South African stocks fell to their lowest in more than a month on Wednesday after Steinhoff shares plummeted when the company announced an investigation into accounting irregularities and its chief executive officer resigned. The rand retreated.
Read more on Steinhoff:
The benchmark Top 40 Index weakened 1.6% to 51 572 points while the All Share Index dropped 1.64% to 58 010 points.
Steinhoff , which is listed in Johannesburg and Frankfurt, shocked investors when it said late on Tuesday that “new information has come to light today which relates to accounting irregularities requiring further investigation.”
The household goods retailer also said CEO Markus Jooste had quit as CEO after nearly 20 years in the job.
Steinhoff’s South African listed shares plunged 61.42% to R17.61 by its Tuesday close, after hitting more than eight year lows in intra-day trading.
In the fallout Steinhoff African Retail (STAR) fell 22.76% to R19.00, after its chief executive Ben la Grange resigned.
“That’s created more and more uncertainty – investors sell first and ask questions later,” said Cratos Capital equities trader Greg Davies.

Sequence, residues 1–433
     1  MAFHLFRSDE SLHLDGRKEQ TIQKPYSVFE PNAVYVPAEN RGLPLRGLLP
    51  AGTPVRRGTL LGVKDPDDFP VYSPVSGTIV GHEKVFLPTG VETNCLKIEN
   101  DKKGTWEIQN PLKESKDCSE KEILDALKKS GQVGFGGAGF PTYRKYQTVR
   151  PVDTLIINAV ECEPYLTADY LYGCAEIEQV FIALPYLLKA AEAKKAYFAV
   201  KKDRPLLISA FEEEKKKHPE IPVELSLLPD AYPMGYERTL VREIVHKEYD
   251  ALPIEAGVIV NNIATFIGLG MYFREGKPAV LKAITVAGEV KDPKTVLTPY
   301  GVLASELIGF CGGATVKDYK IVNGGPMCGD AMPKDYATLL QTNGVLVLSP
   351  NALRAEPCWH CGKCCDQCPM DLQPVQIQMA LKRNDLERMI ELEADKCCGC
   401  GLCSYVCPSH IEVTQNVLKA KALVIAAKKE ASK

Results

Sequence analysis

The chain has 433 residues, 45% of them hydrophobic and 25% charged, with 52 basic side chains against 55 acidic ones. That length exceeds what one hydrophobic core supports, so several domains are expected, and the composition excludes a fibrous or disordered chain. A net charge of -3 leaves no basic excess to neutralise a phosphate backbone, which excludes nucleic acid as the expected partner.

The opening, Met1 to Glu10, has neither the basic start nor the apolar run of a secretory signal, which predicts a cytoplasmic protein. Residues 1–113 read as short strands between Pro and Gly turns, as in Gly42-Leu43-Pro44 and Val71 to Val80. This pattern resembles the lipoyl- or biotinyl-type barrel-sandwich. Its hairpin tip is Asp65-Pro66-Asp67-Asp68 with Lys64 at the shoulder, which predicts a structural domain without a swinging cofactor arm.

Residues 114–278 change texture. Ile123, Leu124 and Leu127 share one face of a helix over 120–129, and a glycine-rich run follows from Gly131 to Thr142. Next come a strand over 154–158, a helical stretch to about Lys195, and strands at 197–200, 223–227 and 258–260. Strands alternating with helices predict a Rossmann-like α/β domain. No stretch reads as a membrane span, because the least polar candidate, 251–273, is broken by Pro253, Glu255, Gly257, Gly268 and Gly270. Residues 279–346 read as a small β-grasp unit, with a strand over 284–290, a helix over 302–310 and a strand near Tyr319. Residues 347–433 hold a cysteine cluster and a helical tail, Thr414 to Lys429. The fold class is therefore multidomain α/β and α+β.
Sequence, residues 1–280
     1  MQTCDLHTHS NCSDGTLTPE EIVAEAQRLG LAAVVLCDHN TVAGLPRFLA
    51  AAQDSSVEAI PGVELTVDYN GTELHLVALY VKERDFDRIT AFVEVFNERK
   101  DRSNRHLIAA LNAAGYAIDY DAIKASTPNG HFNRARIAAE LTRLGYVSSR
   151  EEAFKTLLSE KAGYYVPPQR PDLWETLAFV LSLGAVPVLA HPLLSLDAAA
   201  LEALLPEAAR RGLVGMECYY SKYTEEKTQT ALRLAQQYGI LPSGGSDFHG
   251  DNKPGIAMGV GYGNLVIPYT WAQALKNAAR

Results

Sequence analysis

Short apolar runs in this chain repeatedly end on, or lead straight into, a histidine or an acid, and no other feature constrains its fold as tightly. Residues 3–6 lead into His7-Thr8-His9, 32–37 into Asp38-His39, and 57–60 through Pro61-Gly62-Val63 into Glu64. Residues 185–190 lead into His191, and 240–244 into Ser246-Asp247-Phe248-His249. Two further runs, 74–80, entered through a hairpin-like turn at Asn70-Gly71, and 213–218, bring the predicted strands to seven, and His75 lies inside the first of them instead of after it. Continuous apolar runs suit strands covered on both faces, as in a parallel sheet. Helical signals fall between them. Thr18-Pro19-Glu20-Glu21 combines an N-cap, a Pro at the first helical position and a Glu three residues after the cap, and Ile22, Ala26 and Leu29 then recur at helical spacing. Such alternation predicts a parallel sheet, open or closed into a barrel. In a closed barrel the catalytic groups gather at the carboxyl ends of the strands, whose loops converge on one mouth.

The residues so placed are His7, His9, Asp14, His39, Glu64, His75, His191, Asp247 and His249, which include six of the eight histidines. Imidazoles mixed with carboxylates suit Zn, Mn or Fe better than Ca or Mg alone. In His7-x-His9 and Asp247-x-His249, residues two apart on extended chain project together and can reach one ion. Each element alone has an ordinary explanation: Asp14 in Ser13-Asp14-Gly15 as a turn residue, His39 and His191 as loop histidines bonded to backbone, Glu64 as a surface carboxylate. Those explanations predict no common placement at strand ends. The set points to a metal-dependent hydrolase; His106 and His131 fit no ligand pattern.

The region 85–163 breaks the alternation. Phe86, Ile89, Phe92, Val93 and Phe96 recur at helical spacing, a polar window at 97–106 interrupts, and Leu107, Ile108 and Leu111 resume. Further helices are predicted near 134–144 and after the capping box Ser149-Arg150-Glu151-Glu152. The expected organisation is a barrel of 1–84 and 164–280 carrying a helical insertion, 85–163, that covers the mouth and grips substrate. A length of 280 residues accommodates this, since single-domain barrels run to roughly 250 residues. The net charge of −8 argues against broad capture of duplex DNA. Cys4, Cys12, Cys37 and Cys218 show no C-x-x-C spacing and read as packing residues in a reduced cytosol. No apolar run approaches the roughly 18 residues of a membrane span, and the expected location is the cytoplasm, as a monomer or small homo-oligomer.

The rand fell, giving up some of the recent gains triggered by data showing the economy was on the mend and hopes that Deputy President Cyril Ramaphosa will win the race to become the next leader of the ruling party.
At 1535 GMT the rand was 0.8% weaker at 13.54 per dollar, compared with a close of 13.43 overnight in New York.
The currency gained in the previous session after the economy expanded by a surprise 2% quarter-on-quarter, but failed to breach the 13.40 technical resistance mark.
The rand also got support from investor bets on a victory by Ramaphosa at the ruling African National Congress’s leadership conference next week, where a successor to the current leader, President Jacob Zuma, will be crowned.
“So far, Vice President Cyril Ramaphosa seems to have the best prospects. The markets feel optimistic about that, which supports the rand further. But it remains very susceptible – a fact also reflected in the high implied volatility,” Commerzbank analysts said in a note.
In fixed income, the yield on the benchmark government paper due in 2026 was flat at 9.175%.